Ethanol sales in the USA could fall by more than US$10bn in 2020 and the industry’s contribution to gross domestic product (GDP) could drop by nearly one-third due to the effects of the COVID-19 pandemic, according to analysis by the Renewable Fuels Association (RFA) published on 20 April.

The economic losses were due to a “pernicious combination of steep production cuts and sharply lower prices” in response to stay-at-home restrictions during the pandemic and the resulting drop in fuel consumption, according to the RFA.

In its report, the RFA warned that these economic damages went far beyond the ethanol sector with US farmers also negatively impacted, as ethanol typically provided a market for two out of every five rows of corn and more than one-third of the annual sorghum crop.

The industry also usually supported 350,000 jobs across all sectors of the economy and contributed valuable co-products like distillers grains and corn distillers oil.

Building on the results from a Purdue University study, the RFA estimated that ethanol production could fall by approximately 3bn gallons in 2020, representing a nearly 20% cut from levels normally expected.

Ethanol prices could be 56 cents/gallon lower on average from March to December than usually expected, mainly due to lower usage and high inventories. As a result, ethanol sales would fall to US$12.5bn in 2020, a 46% drop from the US$23bn that would have been expected prior to the pandemic.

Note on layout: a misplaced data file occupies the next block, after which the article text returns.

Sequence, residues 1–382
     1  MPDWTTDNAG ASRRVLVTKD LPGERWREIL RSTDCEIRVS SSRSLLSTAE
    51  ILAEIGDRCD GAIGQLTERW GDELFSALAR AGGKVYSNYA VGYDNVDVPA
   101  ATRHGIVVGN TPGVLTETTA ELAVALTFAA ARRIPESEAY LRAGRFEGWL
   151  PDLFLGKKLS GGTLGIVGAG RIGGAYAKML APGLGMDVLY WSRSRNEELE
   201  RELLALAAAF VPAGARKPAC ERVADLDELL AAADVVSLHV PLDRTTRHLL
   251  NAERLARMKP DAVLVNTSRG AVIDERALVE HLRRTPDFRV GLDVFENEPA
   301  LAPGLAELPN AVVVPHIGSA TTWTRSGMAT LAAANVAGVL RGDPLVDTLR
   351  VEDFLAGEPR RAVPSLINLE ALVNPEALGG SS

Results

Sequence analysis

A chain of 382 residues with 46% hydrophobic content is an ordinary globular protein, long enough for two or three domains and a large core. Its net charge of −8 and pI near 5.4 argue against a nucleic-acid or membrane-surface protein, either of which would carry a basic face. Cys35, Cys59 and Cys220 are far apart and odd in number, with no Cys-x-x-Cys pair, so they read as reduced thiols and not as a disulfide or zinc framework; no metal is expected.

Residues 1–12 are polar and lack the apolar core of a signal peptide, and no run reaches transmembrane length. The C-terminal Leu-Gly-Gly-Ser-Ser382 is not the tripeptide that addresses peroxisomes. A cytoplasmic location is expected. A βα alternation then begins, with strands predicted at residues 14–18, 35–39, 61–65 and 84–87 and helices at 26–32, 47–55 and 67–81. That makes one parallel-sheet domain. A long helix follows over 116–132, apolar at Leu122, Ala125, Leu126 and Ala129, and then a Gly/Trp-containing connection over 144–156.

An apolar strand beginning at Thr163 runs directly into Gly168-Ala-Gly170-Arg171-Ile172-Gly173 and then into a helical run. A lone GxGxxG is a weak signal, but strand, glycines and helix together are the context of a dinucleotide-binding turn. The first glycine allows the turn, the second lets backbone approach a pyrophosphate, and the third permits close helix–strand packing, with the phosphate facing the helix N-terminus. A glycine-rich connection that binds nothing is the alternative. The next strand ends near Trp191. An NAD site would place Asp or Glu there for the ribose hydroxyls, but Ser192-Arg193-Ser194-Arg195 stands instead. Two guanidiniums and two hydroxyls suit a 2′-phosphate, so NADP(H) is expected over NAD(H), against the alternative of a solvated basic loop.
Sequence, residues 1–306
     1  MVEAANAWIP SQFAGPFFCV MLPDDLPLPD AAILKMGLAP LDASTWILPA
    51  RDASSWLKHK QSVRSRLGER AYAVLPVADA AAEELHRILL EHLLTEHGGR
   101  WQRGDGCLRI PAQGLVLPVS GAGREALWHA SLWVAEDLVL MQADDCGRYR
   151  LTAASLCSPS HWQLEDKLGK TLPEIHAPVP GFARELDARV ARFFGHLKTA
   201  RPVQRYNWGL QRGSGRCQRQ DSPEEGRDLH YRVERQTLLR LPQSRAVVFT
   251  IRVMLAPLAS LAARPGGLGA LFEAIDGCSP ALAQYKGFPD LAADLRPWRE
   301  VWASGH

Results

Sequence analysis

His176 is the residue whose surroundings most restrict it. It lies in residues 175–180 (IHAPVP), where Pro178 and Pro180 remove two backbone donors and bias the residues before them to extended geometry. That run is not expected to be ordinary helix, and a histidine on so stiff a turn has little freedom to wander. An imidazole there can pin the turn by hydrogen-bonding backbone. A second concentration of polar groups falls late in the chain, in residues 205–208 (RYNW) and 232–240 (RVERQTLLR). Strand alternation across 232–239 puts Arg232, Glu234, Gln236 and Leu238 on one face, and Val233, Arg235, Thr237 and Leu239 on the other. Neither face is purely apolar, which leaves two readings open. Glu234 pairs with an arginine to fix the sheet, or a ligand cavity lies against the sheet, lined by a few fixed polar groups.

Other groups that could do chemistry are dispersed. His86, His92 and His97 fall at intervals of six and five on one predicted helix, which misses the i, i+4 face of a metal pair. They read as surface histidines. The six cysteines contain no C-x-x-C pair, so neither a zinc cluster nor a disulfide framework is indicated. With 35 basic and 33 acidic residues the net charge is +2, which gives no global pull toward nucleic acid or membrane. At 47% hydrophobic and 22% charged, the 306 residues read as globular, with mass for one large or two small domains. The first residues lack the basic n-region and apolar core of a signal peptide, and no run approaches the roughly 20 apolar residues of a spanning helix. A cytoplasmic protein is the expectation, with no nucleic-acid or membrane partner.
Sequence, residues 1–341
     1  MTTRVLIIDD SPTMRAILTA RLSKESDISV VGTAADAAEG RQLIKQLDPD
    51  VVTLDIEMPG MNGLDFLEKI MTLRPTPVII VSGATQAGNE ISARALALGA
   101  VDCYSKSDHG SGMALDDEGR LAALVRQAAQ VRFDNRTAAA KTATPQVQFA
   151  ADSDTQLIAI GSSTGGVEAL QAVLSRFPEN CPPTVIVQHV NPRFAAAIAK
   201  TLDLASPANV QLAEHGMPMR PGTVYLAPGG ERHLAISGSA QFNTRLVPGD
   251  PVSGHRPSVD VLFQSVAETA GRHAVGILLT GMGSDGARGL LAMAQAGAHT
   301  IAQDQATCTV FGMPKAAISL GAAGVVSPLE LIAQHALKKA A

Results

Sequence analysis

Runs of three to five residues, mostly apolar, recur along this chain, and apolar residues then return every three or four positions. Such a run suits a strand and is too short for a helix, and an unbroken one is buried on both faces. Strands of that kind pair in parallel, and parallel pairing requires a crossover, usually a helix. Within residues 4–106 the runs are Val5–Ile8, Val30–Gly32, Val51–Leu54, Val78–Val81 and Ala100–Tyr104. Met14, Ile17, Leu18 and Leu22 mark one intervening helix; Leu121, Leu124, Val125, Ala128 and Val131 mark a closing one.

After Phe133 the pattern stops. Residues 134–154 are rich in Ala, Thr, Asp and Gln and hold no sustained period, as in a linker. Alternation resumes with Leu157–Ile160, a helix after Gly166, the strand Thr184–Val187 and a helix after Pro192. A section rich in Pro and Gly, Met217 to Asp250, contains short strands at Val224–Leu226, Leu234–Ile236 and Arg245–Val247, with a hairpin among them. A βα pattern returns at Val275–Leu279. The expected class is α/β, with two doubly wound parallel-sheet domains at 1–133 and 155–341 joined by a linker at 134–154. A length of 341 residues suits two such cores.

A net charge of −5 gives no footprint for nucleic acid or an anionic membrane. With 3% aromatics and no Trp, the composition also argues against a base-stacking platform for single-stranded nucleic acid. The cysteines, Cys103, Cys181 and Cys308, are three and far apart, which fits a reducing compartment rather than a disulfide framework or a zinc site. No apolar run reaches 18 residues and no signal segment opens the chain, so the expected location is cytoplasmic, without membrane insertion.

“This sobering new analysis underscores the magnitude of the economic devastation being suffered in the ethanol industry,” said RFA president and CEO Geoff Cooper.

“Roughly half of the ethanol industry is shut down today, as fuel demand has collapsed in response to COVID-19, and it is clear we have a long and bumpy ride to recovery ahead of us. Corn demand and prices have plummeted as plants have idled, jobs are being lost, and rural communities are being destabilised.”

As the agricultural relief package announced in April had excluded assistance for ethanol, the RFA was urging the administration and Congress to take immediate action to help the renewable fuels sector survive.

In its annual economic impact analysis for 2019, ABF Economics found that the ethanol industry had contributed US$43bn to US GDP and had supported nearly 350,000 jobs in 2019. Based on RFA’s analysis, it was expected that the industry’s contribution to GDP could shrink to US$30bn in 2020, nearly one third less than last year. Based on the RFA’s analysis, the industry would support nearly 280,000 jobs across all sectors in 2020 – a reduction of one fifth from 2019.